Bingo, sex and the city Style

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I recently saw a news segment about Bingo returning to popularity, and dare I say…hipness. The footage featured social clubs and lodges hosting BYOB, traditional Bingo tournaments. Hipsters were seated at long banquet tables with wine and beer bottles in the center. Bars hosting pop culture themed Bingo nights draw enthusiastic crowds ready to enjoy the old-fashioned game.

Nostalgia never goes out of style. Amid our ever changing, tech-crazed world, I think there is sort of a soothing quality to Bingo. It is rhythmic: listening for the call, scanning your card, marking the number, exhaling.

I was surprised to discover I was actually on the cutting edge of a trend, however with a bit of a twist.

Every Thursday afternoon at 2:00, Bingo is played at the health center where my Mother lives. A gentleman named Dave arrives to volunteer as the Bingo caller, and his girlfriend Rita helps players who need a little assistance. Dave and Rita are a great team, and add to the fun. The average age of the players is at least 80, and many have Alzheimer’s or some form of dementia.

Dave, Mom and Rita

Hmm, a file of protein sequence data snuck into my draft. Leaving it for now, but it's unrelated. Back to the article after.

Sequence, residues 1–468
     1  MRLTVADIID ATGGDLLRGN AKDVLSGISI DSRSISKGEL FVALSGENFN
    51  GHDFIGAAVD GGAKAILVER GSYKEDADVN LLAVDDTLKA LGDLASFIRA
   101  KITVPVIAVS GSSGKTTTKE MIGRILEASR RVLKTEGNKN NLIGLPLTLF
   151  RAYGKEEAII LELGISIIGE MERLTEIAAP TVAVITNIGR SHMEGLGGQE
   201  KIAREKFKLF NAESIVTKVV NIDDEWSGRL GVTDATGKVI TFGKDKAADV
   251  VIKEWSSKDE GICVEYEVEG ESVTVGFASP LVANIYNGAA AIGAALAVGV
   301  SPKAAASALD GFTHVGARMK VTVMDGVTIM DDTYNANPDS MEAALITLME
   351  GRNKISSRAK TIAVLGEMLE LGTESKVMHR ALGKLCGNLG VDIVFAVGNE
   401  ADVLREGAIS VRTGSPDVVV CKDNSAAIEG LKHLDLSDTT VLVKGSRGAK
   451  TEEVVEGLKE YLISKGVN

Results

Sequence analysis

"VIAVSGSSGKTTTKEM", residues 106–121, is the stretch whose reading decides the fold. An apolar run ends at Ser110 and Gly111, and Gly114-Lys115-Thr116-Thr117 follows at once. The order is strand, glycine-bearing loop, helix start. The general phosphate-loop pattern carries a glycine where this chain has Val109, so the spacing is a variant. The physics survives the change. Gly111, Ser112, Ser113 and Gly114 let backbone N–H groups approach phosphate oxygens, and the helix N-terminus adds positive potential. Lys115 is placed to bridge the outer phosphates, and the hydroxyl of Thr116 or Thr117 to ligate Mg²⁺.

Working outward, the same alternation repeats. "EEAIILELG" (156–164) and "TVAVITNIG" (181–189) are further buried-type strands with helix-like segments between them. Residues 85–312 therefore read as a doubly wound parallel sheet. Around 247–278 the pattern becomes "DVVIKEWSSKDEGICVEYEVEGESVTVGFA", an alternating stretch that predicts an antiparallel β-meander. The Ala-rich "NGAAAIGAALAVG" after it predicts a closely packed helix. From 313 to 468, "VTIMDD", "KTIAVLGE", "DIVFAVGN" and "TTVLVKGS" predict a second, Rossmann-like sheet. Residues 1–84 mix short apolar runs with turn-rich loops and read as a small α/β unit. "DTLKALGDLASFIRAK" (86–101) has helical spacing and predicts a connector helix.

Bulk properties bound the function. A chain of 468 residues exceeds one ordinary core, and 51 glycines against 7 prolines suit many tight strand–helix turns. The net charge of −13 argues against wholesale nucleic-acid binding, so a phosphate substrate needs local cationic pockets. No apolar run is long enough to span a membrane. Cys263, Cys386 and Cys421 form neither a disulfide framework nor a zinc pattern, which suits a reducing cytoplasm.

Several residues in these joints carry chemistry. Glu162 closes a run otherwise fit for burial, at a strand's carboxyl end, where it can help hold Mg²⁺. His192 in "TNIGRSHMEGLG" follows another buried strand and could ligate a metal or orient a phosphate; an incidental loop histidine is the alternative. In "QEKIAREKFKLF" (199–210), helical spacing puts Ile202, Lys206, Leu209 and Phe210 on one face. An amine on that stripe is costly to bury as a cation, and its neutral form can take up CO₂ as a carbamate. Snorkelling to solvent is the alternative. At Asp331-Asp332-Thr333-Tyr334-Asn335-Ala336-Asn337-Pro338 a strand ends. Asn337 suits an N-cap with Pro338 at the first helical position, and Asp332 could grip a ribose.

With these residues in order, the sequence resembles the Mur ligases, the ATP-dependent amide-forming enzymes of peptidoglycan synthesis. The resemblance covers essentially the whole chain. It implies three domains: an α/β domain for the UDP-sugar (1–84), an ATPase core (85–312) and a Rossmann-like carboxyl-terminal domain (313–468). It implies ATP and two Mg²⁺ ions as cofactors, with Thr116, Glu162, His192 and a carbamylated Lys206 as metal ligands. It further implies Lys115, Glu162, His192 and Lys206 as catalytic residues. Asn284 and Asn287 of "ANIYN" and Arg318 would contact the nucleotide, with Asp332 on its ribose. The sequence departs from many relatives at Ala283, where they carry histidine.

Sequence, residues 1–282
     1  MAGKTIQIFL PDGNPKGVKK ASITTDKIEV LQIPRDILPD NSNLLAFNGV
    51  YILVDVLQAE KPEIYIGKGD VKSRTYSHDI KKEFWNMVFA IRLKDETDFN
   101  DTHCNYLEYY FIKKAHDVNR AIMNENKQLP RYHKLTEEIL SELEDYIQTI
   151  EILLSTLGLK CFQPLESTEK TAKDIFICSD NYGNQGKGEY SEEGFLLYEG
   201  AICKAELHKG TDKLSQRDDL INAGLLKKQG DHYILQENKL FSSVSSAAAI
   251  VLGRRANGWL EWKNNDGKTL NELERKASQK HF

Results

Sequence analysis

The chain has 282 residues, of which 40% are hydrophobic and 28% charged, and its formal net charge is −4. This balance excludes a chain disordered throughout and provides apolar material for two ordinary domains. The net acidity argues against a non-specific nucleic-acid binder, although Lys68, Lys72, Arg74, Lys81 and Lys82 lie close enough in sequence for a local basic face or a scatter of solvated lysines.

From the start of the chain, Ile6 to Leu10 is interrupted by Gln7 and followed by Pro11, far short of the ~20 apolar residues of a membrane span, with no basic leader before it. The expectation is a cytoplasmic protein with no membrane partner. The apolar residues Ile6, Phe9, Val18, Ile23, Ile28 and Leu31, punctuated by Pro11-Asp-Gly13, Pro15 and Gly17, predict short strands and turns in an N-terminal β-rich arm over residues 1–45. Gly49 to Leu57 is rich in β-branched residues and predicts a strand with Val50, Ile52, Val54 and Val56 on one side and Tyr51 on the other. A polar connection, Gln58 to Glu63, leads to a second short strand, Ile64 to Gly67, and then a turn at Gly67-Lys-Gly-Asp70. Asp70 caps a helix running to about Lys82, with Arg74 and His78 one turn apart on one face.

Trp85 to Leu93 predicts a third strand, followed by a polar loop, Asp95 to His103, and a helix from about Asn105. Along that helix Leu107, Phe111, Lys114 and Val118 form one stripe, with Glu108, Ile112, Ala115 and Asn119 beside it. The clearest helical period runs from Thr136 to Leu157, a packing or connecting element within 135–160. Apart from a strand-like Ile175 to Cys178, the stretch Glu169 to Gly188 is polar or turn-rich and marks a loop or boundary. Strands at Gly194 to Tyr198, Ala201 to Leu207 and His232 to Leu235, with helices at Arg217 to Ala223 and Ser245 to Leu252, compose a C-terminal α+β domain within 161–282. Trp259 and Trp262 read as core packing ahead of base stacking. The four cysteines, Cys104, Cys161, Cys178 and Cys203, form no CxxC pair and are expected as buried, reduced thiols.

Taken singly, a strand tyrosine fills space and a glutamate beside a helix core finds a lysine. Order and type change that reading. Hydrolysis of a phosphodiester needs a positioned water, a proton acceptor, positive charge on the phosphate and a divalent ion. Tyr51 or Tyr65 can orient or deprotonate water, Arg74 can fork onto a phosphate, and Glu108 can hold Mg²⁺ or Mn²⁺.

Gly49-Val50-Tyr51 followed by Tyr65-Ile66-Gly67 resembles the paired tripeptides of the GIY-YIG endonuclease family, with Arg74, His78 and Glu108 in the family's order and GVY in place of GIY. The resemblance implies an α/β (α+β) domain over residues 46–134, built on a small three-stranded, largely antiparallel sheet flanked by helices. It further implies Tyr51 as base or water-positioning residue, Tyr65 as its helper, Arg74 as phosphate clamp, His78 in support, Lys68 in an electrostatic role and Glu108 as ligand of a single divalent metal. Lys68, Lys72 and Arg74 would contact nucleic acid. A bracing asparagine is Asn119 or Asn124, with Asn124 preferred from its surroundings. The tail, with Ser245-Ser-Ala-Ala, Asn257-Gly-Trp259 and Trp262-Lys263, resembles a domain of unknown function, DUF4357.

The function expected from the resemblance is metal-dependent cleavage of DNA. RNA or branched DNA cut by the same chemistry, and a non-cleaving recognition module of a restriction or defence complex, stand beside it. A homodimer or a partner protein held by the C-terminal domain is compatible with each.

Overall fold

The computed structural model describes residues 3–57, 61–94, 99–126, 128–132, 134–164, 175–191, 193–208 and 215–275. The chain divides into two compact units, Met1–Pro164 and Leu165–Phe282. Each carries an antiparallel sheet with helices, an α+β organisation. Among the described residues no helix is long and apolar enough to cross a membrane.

Dave, Mom and Rita

On the Thursday afternoons that I am fortunate to be in my hometown, playing Bingo has become one of my favorite things to do with my Mom. It is good mental and social stimulation for her, and it is pure fun to be with this crowd.

This past December, I convinced my niece Sarah, an elementary school teacher enjoying her Christmas break, to join my sister and me for Bingo with Grandma. I’m sure she thought I was over-selling it, but she was a good sport and came along. The four of us settled in at a table, for our multi-generational girls’ day out.

Even before the first game began, we had somehow morphed into the sex and the city girls. There we sat: middle-aged Carrie and Charlotte, professional 30-something Miranda, and of course 82-year old Samantha. Each of us had 2 Bingo cards and a margarine container full of Tiddly Winks to use as markers.

The television characters Carrie, Charlotte, Miranda and Samantha all lacked self-control in at least one area (men, food, drinking, clothing, purses and shoes) at some point during the series.  The Carrie, Charlotte, Miranda and Samantha seated at the Bingo table lacked self-control in stifling laughter.

Dave began his witty Bingo calling, custom-tailored for his geriatric audience.

B..4…B..4…Not after…..but….B…4

Each number was repeated several times, while the players intently searched their two cards. Invariably, no matter how many times Dave repeated the call, at least one player asked, “What was it again?”